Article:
Education Secretary wants NCAA March Madness reforms
March 17th, 2011
07:12 PM ET

Education Secretary wants NCAA March Madness reforms

WASHINGTON (CNN) – March Madness could have a whole new meaning if the Department of Education gets its way. The US Department of Education is calling on the NCAA to ban teams that don't graduate a majority of their players.

Secretary of Education Arne Duncan backed a call by the Knight Commission on Intercollegiate Athletics to ban schools who graduate less than 50% of their players from tournament play and to restructure the revenue distribution for teams with failing rates.  

“If you can’t manage to graduate half of your players, how serious is the institution- the coach and the program about the players’ academic success?” Duncan said in a conference call with reporters on Thursday.

In a report released by the Knight Commission on Thursday, 10 out of the 68 teams in this year’s March Madness are not on pace to graduate more than half of their players and a large discrepancy exists between the graduation rates for white and black players at some schools.

Eight teams in this year’s tournament, including Illinois, Villanova and Utah State, have a 100% graduation rate for both black and white players. But some teams have a discrepancy rate as high as 86%. At Kansas State University, 100% of white players graduated but only 14% of black players earned their diplomas. Women’s teams fared better with 22 teams having a 100% graduation rate with both white and black players.

The report also says that in the past five years, nearly $179 million dollars have gone to schools that don’t meet the minimum NCAA graduation rate and Duncan insists the best way to get quick results is to ban their eligibility in the tournament play.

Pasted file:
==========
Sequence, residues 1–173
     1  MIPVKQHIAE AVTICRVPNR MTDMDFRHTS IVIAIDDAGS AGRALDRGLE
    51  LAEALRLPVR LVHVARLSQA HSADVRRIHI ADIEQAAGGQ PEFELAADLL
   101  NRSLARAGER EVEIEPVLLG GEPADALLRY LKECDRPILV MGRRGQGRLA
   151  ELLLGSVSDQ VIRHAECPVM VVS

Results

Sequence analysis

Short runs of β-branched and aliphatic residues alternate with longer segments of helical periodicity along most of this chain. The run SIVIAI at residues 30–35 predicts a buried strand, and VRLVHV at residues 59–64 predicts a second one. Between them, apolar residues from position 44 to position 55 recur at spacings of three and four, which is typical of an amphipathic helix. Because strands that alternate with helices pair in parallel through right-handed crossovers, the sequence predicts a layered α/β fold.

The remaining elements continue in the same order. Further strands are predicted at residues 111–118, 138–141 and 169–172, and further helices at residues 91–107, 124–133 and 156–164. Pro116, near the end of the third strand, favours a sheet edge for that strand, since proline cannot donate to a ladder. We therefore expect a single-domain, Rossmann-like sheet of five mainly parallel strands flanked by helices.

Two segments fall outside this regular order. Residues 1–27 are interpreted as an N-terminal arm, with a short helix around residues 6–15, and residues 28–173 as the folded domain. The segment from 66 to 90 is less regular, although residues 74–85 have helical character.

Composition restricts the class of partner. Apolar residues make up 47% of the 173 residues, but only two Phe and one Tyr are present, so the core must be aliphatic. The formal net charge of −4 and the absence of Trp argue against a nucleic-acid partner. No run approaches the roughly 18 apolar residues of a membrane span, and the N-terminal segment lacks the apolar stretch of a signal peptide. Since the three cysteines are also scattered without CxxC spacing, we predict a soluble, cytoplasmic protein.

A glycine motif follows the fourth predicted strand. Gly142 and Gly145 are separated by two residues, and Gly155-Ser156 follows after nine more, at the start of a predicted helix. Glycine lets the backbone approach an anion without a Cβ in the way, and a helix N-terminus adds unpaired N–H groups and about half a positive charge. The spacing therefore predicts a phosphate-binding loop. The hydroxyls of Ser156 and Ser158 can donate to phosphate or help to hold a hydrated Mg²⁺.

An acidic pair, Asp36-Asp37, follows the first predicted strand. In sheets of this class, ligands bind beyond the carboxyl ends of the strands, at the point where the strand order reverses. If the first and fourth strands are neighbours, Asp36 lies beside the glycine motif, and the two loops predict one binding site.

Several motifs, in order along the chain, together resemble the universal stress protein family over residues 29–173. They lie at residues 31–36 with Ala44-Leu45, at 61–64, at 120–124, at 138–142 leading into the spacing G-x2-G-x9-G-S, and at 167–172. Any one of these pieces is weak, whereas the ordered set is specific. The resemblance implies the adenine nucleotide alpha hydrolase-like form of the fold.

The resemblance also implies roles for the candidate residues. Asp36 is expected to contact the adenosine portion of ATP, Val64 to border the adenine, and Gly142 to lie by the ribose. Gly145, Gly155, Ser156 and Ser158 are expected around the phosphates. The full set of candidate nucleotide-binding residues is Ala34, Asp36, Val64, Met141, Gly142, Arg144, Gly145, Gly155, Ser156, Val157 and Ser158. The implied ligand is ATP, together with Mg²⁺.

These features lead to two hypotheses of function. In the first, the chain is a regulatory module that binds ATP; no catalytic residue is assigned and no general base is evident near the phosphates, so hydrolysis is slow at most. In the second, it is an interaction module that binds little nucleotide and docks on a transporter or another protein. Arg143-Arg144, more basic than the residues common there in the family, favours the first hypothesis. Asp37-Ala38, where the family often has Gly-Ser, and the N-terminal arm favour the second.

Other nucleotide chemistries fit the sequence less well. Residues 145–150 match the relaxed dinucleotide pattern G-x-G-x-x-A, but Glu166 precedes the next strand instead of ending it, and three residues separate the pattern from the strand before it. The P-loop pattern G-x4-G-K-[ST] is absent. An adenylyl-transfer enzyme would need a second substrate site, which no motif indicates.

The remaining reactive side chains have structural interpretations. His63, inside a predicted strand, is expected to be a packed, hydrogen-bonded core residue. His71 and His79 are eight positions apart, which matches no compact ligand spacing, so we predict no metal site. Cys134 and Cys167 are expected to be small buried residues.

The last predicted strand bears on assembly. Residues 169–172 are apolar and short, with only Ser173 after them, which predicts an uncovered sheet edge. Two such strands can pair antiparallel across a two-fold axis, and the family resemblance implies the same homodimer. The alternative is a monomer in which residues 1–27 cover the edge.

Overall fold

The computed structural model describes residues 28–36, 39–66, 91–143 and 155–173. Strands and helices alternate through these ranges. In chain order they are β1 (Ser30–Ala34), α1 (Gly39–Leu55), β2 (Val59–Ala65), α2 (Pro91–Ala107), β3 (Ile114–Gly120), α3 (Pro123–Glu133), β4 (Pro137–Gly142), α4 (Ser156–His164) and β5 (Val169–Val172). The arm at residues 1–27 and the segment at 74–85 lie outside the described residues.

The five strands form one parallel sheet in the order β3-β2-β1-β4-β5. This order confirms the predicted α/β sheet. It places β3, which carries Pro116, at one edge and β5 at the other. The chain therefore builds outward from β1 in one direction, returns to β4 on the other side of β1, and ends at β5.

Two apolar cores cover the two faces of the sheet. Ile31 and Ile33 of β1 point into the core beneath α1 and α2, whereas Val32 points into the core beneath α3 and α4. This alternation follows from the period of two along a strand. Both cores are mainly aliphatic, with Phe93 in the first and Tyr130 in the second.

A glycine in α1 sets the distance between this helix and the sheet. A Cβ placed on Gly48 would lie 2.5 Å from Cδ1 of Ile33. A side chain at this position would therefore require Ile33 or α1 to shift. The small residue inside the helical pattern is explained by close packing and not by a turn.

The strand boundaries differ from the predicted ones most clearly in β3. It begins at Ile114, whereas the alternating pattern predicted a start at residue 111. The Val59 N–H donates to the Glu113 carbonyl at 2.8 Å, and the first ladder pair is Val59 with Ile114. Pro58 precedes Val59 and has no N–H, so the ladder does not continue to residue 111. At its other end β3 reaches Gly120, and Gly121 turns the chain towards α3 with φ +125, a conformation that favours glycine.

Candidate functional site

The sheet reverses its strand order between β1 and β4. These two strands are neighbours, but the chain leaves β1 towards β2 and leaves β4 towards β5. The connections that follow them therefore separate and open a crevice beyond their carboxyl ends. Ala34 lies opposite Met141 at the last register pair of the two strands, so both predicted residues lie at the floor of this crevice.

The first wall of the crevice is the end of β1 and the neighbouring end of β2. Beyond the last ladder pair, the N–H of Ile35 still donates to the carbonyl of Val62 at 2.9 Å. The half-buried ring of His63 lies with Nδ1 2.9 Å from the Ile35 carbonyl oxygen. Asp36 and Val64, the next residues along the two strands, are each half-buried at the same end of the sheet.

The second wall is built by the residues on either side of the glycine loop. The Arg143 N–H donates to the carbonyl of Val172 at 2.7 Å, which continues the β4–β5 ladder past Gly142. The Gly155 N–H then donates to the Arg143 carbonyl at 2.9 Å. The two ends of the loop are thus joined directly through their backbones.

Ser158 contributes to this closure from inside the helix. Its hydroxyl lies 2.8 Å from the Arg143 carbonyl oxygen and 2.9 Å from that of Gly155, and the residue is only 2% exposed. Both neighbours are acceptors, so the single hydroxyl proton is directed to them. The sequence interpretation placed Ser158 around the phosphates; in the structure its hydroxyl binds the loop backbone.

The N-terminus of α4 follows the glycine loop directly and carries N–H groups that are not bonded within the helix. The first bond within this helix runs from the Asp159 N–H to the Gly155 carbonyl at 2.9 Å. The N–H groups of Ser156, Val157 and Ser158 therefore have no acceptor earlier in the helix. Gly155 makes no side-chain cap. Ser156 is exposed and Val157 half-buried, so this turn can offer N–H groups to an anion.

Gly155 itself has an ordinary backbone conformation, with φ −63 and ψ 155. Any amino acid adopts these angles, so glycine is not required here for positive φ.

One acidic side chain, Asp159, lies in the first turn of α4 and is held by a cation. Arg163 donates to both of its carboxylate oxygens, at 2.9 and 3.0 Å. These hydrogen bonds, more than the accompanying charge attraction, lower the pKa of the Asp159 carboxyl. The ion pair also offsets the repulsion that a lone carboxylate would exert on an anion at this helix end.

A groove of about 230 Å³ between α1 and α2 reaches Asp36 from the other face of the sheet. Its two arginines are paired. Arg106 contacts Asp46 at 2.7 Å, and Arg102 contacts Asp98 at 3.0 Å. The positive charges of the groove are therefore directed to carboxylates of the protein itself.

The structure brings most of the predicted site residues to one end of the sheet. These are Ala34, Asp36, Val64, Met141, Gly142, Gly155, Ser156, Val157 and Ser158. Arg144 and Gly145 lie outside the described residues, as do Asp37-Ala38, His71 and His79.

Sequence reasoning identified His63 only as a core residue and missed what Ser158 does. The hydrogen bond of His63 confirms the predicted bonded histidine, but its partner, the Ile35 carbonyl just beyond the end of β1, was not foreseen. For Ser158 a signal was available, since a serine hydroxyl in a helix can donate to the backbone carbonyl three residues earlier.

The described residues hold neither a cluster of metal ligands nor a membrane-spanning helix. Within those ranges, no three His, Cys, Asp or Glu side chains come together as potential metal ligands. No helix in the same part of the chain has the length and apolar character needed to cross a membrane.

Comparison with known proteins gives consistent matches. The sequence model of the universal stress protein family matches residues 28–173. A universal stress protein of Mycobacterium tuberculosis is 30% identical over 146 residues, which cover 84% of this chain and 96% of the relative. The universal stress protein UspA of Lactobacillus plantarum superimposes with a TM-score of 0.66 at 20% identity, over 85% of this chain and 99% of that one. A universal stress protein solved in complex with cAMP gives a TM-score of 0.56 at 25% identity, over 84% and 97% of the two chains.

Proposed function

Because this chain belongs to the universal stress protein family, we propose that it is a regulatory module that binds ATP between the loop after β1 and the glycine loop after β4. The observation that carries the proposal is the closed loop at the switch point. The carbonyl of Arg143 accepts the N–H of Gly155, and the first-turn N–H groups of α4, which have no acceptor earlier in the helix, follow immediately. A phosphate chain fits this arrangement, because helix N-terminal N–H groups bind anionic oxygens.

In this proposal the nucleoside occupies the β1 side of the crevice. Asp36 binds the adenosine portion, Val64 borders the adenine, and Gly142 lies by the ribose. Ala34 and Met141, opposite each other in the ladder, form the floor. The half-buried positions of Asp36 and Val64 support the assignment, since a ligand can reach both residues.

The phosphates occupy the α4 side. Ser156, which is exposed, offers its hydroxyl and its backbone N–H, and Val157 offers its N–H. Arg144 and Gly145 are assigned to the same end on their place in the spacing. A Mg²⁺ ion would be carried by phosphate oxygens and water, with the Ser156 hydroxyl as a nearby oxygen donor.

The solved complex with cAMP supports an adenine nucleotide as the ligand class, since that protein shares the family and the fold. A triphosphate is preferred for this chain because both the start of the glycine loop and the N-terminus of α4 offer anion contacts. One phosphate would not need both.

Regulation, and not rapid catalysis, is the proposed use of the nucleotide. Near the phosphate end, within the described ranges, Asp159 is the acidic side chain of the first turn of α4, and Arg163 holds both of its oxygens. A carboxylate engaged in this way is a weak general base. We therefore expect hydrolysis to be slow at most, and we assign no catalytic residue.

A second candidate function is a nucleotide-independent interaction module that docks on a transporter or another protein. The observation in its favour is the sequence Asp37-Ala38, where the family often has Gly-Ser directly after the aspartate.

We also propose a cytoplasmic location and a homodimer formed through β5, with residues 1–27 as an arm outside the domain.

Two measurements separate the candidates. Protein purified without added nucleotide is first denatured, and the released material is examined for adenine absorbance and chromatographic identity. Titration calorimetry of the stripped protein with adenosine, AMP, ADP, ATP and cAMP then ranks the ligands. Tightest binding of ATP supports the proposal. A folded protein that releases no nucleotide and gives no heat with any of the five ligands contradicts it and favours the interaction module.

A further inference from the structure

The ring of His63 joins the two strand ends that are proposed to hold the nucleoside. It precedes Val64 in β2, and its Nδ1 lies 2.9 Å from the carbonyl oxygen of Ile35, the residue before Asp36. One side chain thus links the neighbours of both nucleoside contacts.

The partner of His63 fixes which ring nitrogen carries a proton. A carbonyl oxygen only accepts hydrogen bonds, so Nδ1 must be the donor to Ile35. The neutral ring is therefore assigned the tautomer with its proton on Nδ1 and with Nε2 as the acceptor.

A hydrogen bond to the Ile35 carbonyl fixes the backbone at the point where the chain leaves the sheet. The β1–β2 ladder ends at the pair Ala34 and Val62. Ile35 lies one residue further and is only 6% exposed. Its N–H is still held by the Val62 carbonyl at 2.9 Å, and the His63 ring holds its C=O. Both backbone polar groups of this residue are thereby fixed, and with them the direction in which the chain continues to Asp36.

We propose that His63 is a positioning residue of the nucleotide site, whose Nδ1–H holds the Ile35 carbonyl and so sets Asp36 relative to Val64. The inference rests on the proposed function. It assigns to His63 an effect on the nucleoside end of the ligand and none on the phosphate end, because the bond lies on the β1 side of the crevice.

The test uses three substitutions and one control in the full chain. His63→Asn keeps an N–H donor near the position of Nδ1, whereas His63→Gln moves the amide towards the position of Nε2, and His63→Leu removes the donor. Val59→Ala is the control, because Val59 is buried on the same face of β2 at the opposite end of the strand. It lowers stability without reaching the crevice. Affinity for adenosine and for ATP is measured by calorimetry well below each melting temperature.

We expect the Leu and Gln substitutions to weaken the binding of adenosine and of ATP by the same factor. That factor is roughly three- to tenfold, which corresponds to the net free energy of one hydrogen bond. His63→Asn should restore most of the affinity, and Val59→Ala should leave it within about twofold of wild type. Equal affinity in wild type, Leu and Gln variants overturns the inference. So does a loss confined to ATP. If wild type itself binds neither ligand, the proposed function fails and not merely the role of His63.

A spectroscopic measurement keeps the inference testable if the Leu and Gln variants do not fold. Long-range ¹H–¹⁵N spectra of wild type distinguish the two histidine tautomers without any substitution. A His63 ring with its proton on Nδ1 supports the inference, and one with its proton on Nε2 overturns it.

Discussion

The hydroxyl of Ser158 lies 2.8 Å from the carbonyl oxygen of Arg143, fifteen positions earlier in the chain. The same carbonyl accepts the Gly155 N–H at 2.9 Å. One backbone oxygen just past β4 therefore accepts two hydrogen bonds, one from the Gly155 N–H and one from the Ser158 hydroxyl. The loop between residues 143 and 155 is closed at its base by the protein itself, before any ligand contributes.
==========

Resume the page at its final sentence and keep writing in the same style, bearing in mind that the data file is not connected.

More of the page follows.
“If the student athletes, but the coaches and the institutions themselves, the universities understood they’d be prohibited from competing if they couldn’t maintain a minimum of half of their students graduating, I promise you, I absolutely guarantee you over the next year or two you would see all of these programs dramatically improve their graduation rates,” Duncan said. “I will also tell you until we prohibit their participation, until we deal the financial revenue piece of this, we’ll continue just to get lip service.”

Duncan, who played college basketball at Harvard, said the issue is particularly personal one to him as he saw team members and other fellow players who didn’t graduate from college face many difficult challenges in life, all because they didn’t have a college degree.


Topics: Arne Duncan • NCAA • The News

soundoff (7 Responses)
  1. Liz Carter in Georgia

    'Lines' Jay! I can appreciate the need for players to acquire a highschool diploma, but to actually mandate them to graduate college before they can play pro ball is pushing it! Granted, this nation's always pushed college degrees as THE biggest credential one needed for securing a decent job, but from the way things have been going, it doesn't quite hold true anymore. It no longer insures job protection! Many college grads are jobless today; most likely in need of going back to school! TECHNICAL SCHOOLS!

    March 19, 2011 at 5:18 am |
  2. Liz Carter in Georgia